5 Ways to Cut Costs by Banking Smarter
All business owners could use more money, but how do we make the most of what we have? One way to save some cash is to rethink the way you use your bank. Banks are more than just storage units for your money, and whether it’s renegotiating rates, embracing online solutions, or switching banks altogether, there are diverse options to stretch your dollar. We’ve whittled them down to five sure-fire tips to help your company save money and cut costs by investing smarter.
#1. Opt-Out of Overdraft Protection
Overdraft protection plans seem to be a great fallback plan in times of financial insecurity, but they might not actually be protecting your investments.
The Consumer Financial Protection Bureau reports that the average banker who opts-in to an overdraft protection option ends up paying seven times as much as customers who opt-out. Since the average overdraft fee is about 34 dollars and most banks will let you incur multiple fees in a single day, overdraft protection can turn that quick latte and stop for gas into a very expensive morning.
Many customers just don’t realize they have the option to opt-out. In fact, according to a survey conducted by Pew, three out of four individuals don’t know they can decline a transaction without incurring an additional fee, so just imagine the impact this can have on your business’ bottom line.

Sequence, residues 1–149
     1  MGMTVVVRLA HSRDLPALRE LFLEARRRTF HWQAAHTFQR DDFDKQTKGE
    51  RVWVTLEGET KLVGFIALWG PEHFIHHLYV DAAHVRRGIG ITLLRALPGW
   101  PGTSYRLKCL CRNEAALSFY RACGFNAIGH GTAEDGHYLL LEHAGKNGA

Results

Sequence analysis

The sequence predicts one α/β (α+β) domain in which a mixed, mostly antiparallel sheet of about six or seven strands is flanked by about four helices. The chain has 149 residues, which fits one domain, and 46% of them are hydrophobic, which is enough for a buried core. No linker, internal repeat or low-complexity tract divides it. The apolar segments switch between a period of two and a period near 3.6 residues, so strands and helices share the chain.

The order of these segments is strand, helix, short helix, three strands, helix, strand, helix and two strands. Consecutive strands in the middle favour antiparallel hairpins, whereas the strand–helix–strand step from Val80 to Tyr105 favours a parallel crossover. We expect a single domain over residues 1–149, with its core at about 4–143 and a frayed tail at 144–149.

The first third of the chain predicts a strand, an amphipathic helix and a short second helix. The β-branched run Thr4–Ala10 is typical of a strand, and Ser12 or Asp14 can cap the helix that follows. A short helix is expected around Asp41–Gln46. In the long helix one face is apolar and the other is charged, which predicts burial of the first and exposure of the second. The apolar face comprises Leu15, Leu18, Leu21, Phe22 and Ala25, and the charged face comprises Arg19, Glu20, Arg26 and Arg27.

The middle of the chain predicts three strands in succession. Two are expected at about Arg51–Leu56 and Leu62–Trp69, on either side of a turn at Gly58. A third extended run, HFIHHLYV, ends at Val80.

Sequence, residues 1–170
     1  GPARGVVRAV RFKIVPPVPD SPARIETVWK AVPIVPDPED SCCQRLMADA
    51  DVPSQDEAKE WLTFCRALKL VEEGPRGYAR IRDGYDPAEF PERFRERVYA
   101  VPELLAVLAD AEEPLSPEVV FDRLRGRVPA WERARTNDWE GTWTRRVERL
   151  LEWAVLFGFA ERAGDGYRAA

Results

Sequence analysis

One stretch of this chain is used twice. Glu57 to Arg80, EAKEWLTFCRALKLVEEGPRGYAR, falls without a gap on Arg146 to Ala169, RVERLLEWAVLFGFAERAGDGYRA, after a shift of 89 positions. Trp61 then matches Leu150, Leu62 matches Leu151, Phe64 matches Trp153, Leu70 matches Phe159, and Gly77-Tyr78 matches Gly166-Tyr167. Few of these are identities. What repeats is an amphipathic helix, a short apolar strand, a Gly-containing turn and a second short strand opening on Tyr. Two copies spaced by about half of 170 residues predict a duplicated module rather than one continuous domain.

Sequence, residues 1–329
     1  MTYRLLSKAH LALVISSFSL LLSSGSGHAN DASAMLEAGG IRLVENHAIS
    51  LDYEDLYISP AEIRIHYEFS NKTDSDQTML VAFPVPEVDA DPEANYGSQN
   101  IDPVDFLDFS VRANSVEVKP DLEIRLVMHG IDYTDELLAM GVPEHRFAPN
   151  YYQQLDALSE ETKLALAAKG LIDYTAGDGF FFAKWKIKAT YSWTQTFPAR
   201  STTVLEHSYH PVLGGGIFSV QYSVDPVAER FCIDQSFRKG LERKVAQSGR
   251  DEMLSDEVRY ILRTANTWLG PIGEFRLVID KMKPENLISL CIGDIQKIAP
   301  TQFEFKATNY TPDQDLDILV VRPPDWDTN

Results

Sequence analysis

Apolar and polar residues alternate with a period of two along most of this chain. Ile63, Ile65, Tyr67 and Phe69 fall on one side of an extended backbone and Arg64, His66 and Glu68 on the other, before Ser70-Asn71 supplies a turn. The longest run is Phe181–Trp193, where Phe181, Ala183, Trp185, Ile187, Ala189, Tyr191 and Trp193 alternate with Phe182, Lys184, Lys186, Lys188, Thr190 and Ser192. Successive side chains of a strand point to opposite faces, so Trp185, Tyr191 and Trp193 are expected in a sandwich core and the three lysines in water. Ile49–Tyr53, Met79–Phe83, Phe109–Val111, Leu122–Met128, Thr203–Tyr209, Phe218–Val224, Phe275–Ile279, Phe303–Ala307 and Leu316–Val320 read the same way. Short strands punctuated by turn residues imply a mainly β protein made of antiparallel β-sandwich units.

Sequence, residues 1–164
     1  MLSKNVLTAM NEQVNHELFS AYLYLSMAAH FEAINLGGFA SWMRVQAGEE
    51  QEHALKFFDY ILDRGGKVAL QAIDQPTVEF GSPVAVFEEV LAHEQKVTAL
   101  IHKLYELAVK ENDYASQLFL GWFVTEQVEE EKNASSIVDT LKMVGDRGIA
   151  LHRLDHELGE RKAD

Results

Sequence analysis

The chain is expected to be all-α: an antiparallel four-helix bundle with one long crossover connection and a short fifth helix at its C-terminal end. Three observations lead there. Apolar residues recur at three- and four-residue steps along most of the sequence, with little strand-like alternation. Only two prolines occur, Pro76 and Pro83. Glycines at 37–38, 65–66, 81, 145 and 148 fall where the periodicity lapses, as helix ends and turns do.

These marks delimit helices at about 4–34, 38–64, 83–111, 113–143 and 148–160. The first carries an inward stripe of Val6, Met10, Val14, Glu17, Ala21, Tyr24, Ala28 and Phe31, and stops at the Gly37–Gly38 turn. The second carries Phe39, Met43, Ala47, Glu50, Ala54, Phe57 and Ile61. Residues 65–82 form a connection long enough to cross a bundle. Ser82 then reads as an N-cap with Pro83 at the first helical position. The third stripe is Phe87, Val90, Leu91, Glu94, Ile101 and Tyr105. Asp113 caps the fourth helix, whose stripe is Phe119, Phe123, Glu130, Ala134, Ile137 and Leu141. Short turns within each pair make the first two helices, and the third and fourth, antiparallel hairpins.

You can prevent the excess charges by using simple tools like banking apps that give you low-balance alerts when your balance enters the red zone, by linking your company account to a savings account or credit card for an added level of protection, or by creating a budget that includes your automatic withdrawals.
#2. Cut Credit Card Costs
As a business owner, credit card interest rates can take a big chunk out of your profits. While renegotiating your interest rate with your credit card company might be an uncomfortable plan to execute, it can have a significant impact on your company’s revenue stream.
Most credit card companies will reduce interest rates, waive late payment fees, and lower (or drop) annual fees when asked by customers. Matt Schultz, senior industry analyst at Creditcards.com, says “It is really as simple as picking up the phone and asking nicely.”
Erin El Issa at Nerdwallet suggests that another way to reduce interest rates is to make multiple payments each month. Credit card companies determine your interest rates based on your average daily balance, not your end of the month balance, so making payments more often can actually reduce your company’s overall interest rate.
#3. Use Online Banking
Many small business owners are turning to online banks to benefit from higher interest rates, fewer fees, and budgeting help. The 24/7 customer service doesn’t hurt, either.